Carbon Capture and Storage Is Not a Silver Bullet, But…

By Perry Bryant 

            I enjoyed reading Dr. Pokladnik’s well-written article on carbon capture and storage in December’s Highlands Voice. I agree with her overall position that carbon capture and storage is not a silver bullet. However, I disagree with her conclusion that carbon capture and storage “is just a fossil-fuel distraction that is wasting time and tax payer money.”

            Carbon capture and storage is taking carbon out of the flue gases at coal or natural gas power plants or other industrial sources and storing the carbon deep underground.

Despite the problems with carbon capture and storage (it’s currently uneconomical on an industrial level among other problems), I support continued research and development into carbon capture and storage. 

Why? Several reasons, including the fact that many leading scientists believe that it is an important technology in preventing global warming from exceeding 1.5 degrees Celsius above pre-industrial levels. Both the UN Intergovernmental Panel on Climate Change, comprised of the world’s climate scientist, and the International Energy Agency, the world’s experts on energy, included carbon capture and storage when they developed their pathway to holding global warming below 1.5 degrees Celsius. Some proponents of carbon capture took these inclusions to be an endorsement of carbon capture and storage. It is not an explicit endorsement, but is, in my opinion, an implicit endorsement.

The National Acadamies of Sciences, Engineering and Medicine in their report, Accelerating Decarbonization of the U.S. Energy System, didn’t just include an implicit endorsement of carbon capture and storage; but rather offered a full-throated endorsement of this technology.

So, when the world’s climate scientist, the world’s energy experts, and some the nation’s leading scientists concluded either implicitly or explicitly that carbon capture and storage is needed to keep global warming below an increase of 1.5 degrees Celsius, I take notice, and support their conclusions unless there’s a compelling reason not to.

Second, some industries are going to be very difficult to decarbonize, particularly steel and cement, two of the most versatile building materials. Europe is exploring the development of green steel, although it’s not commercially available yet. No one, at least to my knowledge, has figured out a means of creating cement without also producing a lot of carbon dioxide. Carbon capture and storage may well be the best technology to keep carbon dioxide out of the atmosphere when producing steel and cement.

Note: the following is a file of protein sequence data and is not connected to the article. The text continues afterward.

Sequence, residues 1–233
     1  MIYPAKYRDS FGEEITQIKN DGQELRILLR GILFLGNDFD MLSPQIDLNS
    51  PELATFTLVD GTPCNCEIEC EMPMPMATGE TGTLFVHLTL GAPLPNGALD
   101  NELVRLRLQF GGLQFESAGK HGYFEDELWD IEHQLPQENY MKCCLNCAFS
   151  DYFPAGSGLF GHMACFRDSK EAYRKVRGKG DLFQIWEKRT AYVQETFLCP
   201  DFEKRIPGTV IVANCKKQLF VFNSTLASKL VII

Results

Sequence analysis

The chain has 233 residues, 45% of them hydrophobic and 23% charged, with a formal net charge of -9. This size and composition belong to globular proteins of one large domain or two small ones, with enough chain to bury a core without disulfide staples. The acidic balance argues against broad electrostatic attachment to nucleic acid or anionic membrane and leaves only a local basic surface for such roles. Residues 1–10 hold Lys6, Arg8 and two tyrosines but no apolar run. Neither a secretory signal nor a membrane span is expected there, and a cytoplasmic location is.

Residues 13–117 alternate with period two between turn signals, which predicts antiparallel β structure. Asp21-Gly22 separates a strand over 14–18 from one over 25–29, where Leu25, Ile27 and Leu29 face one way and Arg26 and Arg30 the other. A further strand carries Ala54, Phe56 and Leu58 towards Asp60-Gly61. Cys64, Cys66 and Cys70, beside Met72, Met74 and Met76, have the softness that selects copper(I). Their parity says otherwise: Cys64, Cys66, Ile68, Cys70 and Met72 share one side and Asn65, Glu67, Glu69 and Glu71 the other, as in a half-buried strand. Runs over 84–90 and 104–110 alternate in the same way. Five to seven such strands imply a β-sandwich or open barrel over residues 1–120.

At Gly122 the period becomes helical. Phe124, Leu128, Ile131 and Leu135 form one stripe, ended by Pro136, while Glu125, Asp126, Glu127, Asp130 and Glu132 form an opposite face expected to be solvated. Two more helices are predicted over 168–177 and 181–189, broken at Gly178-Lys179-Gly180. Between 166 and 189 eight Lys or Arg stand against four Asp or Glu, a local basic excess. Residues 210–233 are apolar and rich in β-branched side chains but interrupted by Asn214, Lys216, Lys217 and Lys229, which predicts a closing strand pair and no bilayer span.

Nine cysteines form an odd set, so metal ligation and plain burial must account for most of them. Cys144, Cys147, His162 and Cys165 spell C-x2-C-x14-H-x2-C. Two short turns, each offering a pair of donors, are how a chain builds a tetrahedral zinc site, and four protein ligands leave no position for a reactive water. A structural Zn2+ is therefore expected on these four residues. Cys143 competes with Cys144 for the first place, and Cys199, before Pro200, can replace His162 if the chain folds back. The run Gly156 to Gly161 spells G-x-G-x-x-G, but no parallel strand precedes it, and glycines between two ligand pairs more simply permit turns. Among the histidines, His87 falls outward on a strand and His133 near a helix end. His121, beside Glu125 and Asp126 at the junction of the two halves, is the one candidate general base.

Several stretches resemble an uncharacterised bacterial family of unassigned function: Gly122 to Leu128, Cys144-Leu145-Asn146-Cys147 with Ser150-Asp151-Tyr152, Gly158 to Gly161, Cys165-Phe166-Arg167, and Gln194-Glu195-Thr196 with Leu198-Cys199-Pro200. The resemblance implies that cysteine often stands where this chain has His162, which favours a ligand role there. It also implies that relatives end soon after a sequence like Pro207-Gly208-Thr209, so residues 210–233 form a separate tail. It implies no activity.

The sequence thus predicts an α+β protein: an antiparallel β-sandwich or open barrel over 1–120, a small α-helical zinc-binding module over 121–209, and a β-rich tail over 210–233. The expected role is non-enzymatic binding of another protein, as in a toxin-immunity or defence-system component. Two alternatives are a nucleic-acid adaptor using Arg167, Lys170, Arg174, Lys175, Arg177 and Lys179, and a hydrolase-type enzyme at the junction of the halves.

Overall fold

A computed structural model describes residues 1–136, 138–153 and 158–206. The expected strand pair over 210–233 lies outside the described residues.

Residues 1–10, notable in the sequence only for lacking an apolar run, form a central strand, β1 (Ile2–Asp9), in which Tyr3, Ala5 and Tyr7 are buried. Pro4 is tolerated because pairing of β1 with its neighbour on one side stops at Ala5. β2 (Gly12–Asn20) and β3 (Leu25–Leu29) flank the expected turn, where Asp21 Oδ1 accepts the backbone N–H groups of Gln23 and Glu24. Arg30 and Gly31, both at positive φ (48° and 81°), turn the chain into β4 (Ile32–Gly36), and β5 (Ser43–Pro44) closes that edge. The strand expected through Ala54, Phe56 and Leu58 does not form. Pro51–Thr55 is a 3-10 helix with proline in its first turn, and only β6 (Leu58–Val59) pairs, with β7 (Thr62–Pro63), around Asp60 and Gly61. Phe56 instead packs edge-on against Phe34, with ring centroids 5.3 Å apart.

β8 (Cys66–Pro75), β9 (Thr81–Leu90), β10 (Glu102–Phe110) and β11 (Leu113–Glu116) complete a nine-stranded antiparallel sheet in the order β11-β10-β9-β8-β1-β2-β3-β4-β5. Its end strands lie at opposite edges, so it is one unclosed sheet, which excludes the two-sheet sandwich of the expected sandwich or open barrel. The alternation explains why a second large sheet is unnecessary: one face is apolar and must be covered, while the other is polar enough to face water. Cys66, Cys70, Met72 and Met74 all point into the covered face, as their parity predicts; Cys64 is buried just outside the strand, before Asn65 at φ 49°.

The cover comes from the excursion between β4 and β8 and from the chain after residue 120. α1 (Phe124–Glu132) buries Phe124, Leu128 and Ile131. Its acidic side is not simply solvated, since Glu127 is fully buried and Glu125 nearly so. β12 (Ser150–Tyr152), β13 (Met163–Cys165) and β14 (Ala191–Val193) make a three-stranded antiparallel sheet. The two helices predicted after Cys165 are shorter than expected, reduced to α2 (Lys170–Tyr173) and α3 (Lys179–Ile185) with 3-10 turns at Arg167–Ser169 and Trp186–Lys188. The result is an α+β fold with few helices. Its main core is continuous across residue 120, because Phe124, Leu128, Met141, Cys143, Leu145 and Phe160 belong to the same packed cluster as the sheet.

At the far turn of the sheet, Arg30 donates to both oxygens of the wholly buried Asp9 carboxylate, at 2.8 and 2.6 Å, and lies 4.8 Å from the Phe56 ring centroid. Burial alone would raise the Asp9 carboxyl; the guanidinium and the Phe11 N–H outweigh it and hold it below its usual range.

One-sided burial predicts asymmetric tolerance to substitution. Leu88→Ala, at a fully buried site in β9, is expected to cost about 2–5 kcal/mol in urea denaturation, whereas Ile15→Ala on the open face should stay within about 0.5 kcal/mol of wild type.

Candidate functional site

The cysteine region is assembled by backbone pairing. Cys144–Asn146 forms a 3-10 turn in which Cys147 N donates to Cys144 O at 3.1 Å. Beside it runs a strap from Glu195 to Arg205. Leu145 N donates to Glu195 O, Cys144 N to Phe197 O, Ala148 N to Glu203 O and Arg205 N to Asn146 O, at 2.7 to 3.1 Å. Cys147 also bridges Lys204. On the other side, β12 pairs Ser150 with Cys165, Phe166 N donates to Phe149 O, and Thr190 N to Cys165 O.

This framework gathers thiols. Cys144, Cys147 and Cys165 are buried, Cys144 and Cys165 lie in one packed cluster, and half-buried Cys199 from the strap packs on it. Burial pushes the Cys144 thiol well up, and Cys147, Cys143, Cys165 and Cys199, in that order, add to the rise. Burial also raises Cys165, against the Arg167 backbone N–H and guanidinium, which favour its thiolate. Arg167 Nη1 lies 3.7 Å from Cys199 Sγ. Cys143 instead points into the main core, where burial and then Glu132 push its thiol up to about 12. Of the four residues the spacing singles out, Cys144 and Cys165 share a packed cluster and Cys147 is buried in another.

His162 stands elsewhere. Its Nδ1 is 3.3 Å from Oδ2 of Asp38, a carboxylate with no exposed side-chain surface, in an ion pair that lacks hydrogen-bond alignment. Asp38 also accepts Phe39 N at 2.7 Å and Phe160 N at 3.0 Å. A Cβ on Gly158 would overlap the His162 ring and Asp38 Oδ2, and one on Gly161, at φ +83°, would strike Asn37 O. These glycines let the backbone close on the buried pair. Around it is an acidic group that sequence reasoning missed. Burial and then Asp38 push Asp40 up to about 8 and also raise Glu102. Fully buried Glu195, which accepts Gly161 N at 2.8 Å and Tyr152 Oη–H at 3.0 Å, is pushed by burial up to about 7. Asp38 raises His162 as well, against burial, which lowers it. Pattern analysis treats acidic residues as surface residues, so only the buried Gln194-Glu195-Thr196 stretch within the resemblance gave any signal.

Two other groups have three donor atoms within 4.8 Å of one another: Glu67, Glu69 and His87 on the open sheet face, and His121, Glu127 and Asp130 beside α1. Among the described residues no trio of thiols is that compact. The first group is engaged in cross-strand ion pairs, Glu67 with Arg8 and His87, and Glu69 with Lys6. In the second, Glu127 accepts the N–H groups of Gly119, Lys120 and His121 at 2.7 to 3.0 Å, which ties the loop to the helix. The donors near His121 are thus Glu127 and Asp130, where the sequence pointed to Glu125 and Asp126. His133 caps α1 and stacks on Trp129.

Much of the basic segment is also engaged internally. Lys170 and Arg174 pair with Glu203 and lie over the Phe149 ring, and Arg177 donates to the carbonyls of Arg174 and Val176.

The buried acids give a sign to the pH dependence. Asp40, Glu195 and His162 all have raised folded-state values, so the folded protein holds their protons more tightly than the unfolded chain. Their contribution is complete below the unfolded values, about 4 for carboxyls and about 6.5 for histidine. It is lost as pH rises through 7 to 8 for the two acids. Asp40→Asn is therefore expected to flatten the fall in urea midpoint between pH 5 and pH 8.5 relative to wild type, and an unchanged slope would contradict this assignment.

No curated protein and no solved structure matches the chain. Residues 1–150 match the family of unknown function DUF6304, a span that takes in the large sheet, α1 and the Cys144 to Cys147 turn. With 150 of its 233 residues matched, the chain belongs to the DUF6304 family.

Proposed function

Third, no one in the U.S. is planning on building new coal-fired power plants. Regretfully, that is not true for China. And the plants that they are building today will be around for 50 years or so. If the U.S. can successfully develop carbon capture and storage technology, we may be able to export this technology to China and reverse some of their reckless emissions of carbon dioxide.

Finally, there is a sister technology that may benefit from breakthroughs in carbon capture and storage technology. Direct air capture takes carbon out of the ambient air (not from flue gases) and stores it deep underground. The world already has too much carbon dioxide in the atmosphere. Along with planting trees and preserving old growth forests, we are likely to need direct air capture technology to reduce the concentrations of carbon dioxide already in the atmosphere. Breakthrough developments in carbon capture and storage could benefit the development of direct air capture. 

Like so much with climate change, the decision on whether to continue to support Research & Development into carbon capture and storage is not an easy choice. Along with whether to support R&D for advanced nuclear reactors (a carbon-free, base-load source of energy), support for carbon capture and storage is one of the most difficult issues in shaping climate change solutions. To use a basketball metaphor, these decisions are jump balls, and could go either way.

Keeping global warming below an increase of 1.5 degrees Celsius will require fundamental changes in how we produce and use energy. The transition from fossil fuels to clean energy is going to be the most difficult transition humankind has ever undertaken. This is going to be hard, very hard. We need, in my opinion, ever arrow possible in our quiver. We cannot afford to discard technologies that we may find essential in the future as we begin in earnest this monumental challenge.